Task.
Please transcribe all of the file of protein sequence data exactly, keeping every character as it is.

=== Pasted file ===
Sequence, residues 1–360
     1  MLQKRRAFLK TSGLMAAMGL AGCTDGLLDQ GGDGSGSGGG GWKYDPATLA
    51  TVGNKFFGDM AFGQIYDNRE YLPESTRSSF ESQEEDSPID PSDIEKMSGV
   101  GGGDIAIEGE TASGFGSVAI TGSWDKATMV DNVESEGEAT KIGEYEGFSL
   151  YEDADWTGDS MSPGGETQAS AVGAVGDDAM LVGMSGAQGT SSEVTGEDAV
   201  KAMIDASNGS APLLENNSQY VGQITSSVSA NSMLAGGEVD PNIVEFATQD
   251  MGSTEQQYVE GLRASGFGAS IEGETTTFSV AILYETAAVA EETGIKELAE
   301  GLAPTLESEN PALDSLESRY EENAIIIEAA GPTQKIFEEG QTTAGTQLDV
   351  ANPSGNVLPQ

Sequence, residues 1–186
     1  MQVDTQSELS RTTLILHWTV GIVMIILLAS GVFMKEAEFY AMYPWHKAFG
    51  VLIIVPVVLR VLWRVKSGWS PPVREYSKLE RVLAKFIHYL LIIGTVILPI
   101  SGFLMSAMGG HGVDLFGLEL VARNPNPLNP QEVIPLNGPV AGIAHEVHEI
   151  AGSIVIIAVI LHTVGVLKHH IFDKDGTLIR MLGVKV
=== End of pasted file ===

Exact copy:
Sequence, residues 1–360
     1  MLQKRRAFLK TSGLMAAMGL AGCTDGLLDQ GGDGSGSGGG GWKYDPATLA
    51  TVGNKFFGDM AFGQIYDNRE YLPESTRSSF ESQEEDSPID PSDIEKMSGV
   101  GGGDIAIEGE TASGFGSVAI TGSWDKATMV DNVESEGEAT KIGEYEGFSL
   151  YEDADWTGDS MSPGGETQAS AVGAVGDDAM LVGMSGAQGT SSEVTGEDAV
   201  KAMIDASNGS APLLENNSQY VGQITSSVSA NSMLAGGEVD PNIVEFATQD
   251  MGSTEQQYVE GLRASGFGAS IEGETTTFSV AILYETAAVA EETGIKELAE
   301  GLAPTLESEN PALDSLESRY EENAIIIEAA GPTQKIFEEG QTTAGTQLDV
   351  ANPSGNVLPQ

Sequence, residues 1–186
     1  MQVDTQSELS RTTLILHWTV GIVMIILLAS GVFMKEAEFY AMYPWHKAFG
    51  VLIIVPVVLR VLWRVKSGWS PPVREYSKLE RVLAKFIHYL LIIGTVILPI
   101  SGFLMSAMGG HGVDLFGLEL VARNPNPLNP QEVIPLNGPV AGIAHEVHEI
   151  AGSIVIIAVI LHTVGVLKHH IFDKDGTLIR MLGVKV